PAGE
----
The oral history of Silicon Valley VCs

A friend of mine recently discovered this archive of interview transcripts of many of Silicon Valley’s seminal venture capitalists.

Considering most of the guys on this list started their respective firms before the widespread adoption of the internet, I think it’s pretty cool to think about how this stuff was documented. In many cases, some of the details are much more intimate as a result of being recounted in a more informal fashion.  

Don Valentine (founder of Sequoia Capital) doesn’t keep a blog or have a Facebook page, but he did sit down and orally recount much of his history, which is documented in these archives.  It’s a fascinating read (both from a personal and a professional perspective) if you have the time to look through some of it.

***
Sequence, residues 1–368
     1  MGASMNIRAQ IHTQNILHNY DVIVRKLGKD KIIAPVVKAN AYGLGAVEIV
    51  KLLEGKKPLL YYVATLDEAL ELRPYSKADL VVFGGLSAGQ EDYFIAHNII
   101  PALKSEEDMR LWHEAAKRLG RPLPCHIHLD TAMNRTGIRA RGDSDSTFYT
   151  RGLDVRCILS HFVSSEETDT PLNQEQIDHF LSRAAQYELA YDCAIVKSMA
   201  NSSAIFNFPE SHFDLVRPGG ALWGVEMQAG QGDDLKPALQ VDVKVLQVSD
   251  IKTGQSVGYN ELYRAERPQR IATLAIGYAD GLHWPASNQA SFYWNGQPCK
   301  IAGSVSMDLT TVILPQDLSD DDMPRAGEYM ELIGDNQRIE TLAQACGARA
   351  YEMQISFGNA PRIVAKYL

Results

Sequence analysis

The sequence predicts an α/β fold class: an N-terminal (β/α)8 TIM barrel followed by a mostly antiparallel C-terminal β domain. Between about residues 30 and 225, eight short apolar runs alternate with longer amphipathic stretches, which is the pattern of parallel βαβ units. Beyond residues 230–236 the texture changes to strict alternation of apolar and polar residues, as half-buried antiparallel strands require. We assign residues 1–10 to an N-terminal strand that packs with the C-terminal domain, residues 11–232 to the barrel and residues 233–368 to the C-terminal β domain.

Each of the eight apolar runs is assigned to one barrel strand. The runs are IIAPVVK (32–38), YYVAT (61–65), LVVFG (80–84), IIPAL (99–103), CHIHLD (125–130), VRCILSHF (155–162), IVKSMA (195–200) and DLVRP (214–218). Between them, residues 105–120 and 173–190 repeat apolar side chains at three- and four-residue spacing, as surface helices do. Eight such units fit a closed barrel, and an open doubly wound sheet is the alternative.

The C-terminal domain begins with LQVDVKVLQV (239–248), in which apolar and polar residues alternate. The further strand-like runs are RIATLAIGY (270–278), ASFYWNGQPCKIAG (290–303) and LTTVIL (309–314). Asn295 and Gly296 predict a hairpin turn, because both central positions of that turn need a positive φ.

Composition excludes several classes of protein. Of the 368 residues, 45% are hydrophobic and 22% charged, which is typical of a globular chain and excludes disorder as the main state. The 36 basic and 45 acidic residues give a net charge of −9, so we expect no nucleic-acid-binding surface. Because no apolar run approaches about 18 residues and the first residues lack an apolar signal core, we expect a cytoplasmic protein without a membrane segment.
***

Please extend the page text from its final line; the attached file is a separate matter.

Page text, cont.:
Here’s a fun excerpt from his interview:

Valentine: I don’t believe in business school.

Hughes: Why?

Valentine: We have people here at Sequoia who went to business school, but most of the primary partners here have not gone to business school. Or said differently, and this is a true story, when asked where I went to business school, I said, “Fairchild Semiconductor.” And the people said, “We’ve never heard of it.” I was talking to people who thought that if you didn’t go to Harvard Business School you could never learn how to manage money. And my rejoinder was I was not interested in learning how to raise money; I was interested in building great companies, and I didn’t have to go Harvard Business School to build great companies.

Check out the full archives of interviews here.